Ogi? What’s that? Cornmeal or maize or mealie meal porridge as it is called in Nigeria, that’s what. However ogi is the distinctively fermented version and is sour to taste. When not fermented, it is known by many a glorious name. Motogo in Botswana and South Africa and bota in Zimbabwe. Botswana has a fermented sorghum version known as ting. In Ghana, Hausa koko is the fermented millet version, often eaten with bean cake. More on that in another post.
I had a colourful experience with cornmeal porridge during my 22 day vegan challenge and thought I would share how creative it can be. As each day went by, my creativity grew as I learned more and more about go-to vegan foods (more like treats!) So cornmeal porridge, we usually have it for….
Breakfast: Cornmeal porridge is what I would define as Africa’s continental breakfast. The African way to cook it is with water and a pinch of salt, yielding a low fat dish. It is usually served plain with sugar or with a bit of butter mixed into it. Some add milk, however in West Africa, evaporated milk is a must. I avoided sugar and opted to sweeten my porridge with a combination of fresh and dried fruits and spices. Above, I made cornmeal porridge mixed with a banana, medjool date and cinnamon smoothie topped with mixed fruit and nuts plus goji berries, with a burst of vitamin C from these sliced kiwifruit. Cornmeal porridge, in all its forms, is well and truly the continental breakfast of Africa.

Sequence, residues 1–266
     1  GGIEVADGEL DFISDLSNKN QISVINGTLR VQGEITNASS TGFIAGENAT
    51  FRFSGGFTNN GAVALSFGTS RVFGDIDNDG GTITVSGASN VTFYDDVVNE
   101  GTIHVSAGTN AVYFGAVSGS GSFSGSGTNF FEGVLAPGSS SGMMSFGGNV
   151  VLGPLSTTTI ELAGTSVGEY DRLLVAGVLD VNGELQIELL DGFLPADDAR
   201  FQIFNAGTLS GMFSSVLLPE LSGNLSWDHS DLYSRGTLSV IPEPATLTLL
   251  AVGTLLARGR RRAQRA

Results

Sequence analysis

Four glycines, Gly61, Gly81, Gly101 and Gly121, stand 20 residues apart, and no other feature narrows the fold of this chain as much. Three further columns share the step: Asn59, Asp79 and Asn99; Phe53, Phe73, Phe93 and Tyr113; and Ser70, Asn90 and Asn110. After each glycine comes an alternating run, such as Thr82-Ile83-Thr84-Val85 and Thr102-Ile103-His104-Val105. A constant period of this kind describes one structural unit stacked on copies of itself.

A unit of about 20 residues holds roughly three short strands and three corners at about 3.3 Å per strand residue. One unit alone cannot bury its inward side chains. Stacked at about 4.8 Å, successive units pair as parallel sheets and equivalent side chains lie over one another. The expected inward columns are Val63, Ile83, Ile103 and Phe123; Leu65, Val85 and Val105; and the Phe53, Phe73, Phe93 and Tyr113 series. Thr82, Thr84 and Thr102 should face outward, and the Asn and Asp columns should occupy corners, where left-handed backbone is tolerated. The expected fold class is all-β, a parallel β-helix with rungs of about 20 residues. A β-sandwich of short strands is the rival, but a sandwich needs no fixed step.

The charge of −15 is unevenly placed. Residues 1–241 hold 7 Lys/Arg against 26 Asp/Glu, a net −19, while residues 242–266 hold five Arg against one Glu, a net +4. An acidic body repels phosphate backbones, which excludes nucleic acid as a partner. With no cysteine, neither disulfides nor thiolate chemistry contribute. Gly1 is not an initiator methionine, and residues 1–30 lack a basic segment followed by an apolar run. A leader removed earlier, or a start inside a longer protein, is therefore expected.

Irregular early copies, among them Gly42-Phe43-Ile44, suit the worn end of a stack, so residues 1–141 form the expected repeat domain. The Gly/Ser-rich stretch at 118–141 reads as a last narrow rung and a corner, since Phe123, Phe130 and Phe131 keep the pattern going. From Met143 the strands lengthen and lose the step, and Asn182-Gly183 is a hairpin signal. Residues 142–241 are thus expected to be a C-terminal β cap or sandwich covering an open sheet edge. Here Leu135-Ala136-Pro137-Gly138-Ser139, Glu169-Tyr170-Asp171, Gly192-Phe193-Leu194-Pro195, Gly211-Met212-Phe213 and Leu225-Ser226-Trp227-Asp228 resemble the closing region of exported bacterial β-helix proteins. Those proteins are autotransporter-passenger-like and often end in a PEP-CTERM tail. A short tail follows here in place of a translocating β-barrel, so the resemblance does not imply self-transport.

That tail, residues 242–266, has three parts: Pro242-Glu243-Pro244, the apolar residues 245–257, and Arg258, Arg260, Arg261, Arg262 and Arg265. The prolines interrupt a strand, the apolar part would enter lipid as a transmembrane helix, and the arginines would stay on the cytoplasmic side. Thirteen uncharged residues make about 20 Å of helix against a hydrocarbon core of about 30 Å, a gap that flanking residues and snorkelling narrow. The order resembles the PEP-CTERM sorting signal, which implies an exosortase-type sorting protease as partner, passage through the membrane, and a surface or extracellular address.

Porridge with peanut butter topped with a banana, raisin and cinnamon smoothie and sliced strawberries.
Bota une dovi topped with a banana, pear, strawberry and medjool date smoothie. Stir it into the porridge or enjoy the topping bite by bite.
Topped with a thick banana, nectarine and medjool date smoothie plus sliced strawberries. On this day, I really started to feel as though my kitchen had been touched by an angel. But it might have been Mickey Mouse.
A morning is a good morning when your belly is full. Cornmeal porridge with peanut butter. No sugar added, just made with a little salt and topped with organic banana, kiwifruit, goji berries, raisins and raw Peruvian cacao nibs. Have I got the world on my plate for breakfast or what?
When it comes to eating seasonally available foods, incorporating them into breakfast is a must do. Being in the UK, I made stewed rhubarb for the very first time in my life and used it as a topping for my cornmeal porridge.
Recipe: 4 rhubarb stalks, 3 cardamom pods, juice of 1 orange, 1 tbsp sunflower spread (optional), 2 tbsp raw sugar
Method: Stew it then spoon it!
I definitely ended up with way too much on my busy plate but it tasted good. I piled on banana, soy yoghurt, raw cacao nibs, pistachios and mixed fruit and nuts.
Then of course there is always the opportunity to take it right back to the modest porridge that it is.
To cook is to live. To eat with your eyes is to well and truly eat.